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Showcasing Heritage

Aftab Jalia

Chandramani Singh
Mapin Publishing, Ahmedabad , in association with Jawahar Kala Kendra, Jaipur
, 2009, pp. 255, Rs. 3000.00

Edited by Chandramani Singh
Mapin Publishing, Ahmedabad , in association with Department of Archaeology and Museums, Rajasthan, 2009, pp. 120+157 colour illustration, Rs. 1295.00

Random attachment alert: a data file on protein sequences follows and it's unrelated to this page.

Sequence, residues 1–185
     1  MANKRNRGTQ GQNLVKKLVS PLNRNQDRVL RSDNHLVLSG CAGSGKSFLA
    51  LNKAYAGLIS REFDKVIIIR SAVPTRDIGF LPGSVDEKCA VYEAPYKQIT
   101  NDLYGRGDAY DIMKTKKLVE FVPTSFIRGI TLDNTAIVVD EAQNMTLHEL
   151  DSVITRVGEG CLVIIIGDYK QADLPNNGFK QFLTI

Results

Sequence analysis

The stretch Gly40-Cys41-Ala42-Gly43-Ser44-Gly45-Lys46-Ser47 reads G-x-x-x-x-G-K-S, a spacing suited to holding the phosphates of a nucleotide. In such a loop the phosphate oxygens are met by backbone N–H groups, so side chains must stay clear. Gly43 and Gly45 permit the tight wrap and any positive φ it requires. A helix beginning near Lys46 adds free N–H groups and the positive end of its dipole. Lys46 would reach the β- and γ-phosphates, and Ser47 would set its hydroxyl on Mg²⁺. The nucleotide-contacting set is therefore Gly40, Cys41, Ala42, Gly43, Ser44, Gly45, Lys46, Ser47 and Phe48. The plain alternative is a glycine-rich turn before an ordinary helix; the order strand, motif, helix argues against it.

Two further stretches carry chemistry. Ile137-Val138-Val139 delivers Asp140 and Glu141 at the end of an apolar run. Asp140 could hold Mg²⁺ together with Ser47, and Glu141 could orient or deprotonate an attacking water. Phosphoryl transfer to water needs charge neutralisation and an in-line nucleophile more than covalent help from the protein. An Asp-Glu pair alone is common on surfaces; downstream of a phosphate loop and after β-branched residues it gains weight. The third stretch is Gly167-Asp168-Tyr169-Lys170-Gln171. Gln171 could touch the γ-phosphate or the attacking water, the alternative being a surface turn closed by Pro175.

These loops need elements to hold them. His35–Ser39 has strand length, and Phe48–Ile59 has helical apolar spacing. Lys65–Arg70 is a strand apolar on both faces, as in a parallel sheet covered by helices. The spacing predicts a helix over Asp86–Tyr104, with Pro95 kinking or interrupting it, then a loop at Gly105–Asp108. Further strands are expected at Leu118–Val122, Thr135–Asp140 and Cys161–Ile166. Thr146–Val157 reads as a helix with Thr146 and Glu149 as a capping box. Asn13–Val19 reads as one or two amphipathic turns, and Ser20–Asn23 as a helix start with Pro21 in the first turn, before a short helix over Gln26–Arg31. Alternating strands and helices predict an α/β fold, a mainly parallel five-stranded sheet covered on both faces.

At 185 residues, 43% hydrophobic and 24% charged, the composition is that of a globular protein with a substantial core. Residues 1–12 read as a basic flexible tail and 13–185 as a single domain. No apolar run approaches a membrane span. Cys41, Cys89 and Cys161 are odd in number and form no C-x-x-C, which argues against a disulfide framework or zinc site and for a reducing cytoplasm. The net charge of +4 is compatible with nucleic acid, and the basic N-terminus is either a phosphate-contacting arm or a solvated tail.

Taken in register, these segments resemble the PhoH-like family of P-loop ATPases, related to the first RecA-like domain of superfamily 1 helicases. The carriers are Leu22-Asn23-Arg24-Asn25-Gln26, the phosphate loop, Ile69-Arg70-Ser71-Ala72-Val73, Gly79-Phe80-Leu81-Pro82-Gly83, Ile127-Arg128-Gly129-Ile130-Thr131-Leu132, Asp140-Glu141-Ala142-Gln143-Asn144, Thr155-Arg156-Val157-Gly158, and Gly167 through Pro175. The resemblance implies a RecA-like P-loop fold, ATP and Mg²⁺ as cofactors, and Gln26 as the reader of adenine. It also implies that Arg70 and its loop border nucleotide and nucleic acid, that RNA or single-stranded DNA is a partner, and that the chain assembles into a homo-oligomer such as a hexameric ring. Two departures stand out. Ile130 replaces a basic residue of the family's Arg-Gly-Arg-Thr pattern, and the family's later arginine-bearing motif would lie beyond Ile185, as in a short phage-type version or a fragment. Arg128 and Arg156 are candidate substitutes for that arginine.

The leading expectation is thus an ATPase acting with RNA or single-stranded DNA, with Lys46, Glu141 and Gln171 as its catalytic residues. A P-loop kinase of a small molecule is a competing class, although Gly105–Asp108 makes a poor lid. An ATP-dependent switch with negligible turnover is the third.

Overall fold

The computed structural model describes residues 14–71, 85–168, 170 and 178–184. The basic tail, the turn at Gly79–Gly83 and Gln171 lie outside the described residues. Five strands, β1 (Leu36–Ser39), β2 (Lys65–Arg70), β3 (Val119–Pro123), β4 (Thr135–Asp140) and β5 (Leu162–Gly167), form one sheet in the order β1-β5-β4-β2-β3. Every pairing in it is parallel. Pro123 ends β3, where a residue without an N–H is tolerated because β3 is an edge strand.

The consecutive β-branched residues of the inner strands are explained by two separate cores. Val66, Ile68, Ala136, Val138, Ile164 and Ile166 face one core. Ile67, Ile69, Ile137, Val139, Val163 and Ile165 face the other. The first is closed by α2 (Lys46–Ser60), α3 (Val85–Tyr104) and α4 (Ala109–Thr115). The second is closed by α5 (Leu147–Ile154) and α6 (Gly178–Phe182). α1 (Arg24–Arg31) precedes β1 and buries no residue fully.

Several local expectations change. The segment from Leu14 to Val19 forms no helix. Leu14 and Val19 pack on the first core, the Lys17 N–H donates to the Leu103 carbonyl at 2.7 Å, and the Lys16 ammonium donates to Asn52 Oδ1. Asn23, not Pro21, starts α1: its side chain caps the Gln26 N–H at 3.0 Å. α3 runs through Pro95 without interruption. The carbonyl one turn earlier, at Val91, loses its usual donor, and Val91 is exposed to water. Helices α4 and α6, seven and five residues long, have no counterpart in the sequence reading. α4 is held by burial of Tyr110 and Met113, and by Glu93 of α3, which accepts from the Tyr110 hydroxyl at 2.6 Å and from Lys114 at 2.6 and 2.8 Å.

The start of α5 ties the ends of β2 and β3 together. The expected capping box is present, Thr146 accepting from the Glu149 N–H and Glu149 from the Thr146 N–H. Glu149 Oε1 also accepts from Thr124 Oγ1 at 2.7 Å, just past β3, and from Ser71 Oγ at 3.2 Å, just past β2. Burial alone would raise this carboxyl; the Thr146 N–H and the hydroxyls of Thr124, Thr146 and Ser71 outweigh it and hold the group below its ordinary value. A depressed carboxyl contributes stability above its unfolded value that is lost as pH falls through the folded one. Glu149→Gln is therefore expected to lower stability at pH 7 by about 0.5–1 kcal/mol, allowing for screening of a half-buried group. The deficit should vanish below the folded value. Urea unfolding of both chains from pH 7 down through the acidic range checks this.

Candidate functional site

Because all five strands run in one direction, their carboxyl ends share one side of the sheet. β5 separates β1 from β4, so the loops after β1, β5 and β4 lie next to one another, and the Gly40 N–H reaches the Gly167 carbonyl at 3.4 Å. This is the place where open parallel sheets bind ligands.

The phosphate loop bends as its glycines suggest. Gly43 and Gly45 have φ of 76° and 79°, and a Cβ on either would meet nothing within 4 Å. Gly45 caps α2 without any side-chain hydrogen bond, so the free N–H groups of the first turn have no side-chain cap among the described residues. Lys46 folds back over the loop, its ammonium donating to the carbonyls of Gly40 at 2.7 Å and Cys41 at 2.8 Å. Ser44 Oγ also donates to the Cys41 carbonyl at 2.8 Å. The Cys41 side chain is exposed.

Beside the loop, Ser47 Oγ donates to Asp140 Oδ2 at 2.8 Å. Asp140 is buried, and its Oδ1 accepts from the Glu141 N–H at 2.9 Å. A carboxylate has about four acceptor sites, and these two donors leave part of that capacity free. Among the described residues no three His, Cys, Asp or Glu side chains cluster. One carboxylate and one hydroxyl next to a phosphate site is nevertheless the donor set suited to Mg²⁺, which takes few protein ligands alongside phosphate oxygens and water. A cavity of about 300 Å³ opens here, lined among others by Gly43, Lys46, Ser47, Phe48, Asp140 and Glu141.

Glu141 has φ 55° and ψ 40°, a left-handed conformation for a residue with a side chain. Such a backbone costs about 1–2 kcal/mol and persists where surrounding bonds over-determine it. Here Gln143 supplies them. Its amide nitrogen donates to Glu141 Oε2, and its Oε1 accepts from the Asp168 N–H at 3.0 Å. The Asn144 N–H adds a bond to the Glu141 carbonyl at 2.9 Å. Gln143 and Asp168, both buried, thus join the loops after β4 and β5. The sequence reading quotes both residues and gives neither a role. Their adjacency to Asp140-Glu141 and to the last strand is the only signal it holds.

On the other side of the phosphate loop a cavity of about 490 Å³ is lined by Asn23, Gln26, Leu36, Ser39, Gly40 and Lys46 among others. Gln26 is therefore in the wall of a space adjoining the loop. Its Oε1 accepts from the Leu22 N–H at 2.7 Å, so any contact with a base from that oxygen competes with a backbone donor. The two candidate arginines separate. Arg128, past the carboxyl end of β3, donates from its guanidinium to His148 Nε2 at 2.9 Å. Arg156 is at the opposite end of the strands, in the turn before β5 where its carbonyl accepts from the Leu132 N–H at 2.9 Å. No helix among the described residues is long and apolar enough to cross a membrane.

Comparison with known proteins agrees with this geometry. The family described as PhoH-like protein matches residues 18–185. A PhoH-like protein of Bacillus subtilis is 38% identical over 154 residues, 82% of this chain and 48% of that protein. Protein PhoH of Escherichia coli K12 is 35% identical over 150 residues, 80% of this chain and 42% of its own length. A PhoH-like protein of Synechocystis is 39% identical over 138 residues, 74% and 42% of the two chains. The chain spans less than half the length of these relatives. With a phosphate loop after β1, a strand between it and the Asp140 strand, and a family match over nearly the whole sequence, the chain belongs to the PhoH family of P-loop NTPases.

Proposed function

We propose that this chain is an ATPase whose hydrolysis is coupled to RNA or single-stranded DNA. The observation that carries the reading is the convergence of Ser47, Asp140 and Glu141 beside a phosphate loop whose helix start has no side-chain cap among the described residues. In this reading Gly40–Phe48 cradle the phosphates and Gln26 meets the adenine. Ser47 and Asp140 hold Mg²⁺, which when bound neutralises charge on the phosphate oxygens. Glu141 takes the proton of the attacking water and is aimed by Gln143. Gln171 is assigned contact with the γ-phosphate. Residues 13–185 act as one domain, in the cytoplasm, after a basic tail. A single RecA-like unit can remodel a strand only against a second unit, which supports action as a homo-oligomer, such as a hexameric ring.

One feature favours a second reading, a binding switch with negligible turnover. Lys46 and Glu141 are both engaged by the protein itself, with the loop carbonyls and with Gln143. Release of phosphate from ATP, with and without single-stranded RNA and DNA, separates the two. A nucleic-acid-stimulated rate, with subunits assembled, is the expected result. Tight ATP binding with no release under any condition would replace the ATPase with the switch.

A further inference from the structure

The theme central to the two books: is Rajasthan’s tradition of arts and crafts. Rajasthan enjoys the distinction of being home to some of India’s oldest museums, hosting collections from the pre-historic age to the late 19th century. Owing to the British Governor General of India, Lord Curzon’s famed interest in surveying, reviving and showcasing India’s heritage, Rajasthan’s royal families initiated projects to collate and display their magnificent traditions during his tenure. As a result, colonial India saw the establishment of museums in Rajasthan starting from Jaipur’s Albert Hall Museum (1887) followed shortly by Udaipur, Ajmer, Mewar, Jodhpur, Jhalawar, Bikaner, Kota, Alwar into independent India’s efforts to establish numerous other museums in various cities of the state. Years on, through the publication of these two books, the Rajasthan Government has undertaken the same Herculean task to revitalize interest in collections hosted across the state while educating readers of the innumerable objects that not only testify to Rajasthan’s rich history of arts and crafts but also the state’s drive to bring its heritage under one umbrella. Museums of Rajasthan and Treasures of the Albert Hall Museum Jaipur set out on this incredibly challenging task to unfailingly deliver enough visual and cerebral delights. Richly illustrated, the Museums of Rajasthan is a compendium of what the important museums of Rajasthan have to offer, while Treasures of Albert Hall Museum Jaipur takes a detailed look into its beautiful building and specific collections. Rajasthan’s interest in museum activity dates back to its participation in the European and Indian industrial exhibitions. In those times, Rajasthan was still a collection of princely states—the Rajputana province, often having Britain-educated princes who with their fairly anglicized sensibilities were also well aware of the museum movement in Europe. Since the idea of displaying heritage, wealth and treasure to the public on special occasions was also a traditional Indian monarchial concept, our princes quickly conceded the idea of setting up museums in their own states. Complementing this trend were the simultaneous discoveries of antiquities across numerous archaeological sites in Rajasthan under the leadership of both British and Indian archaeologists. Some of these findings included prehistoric era tools found in Chittor, 3rd century terracotta toys found in Bikaner and a 4th century ornamental pillar (torana stambha) found at Mandor. It is important to note that the museums throughout Rajasthan however do not ...

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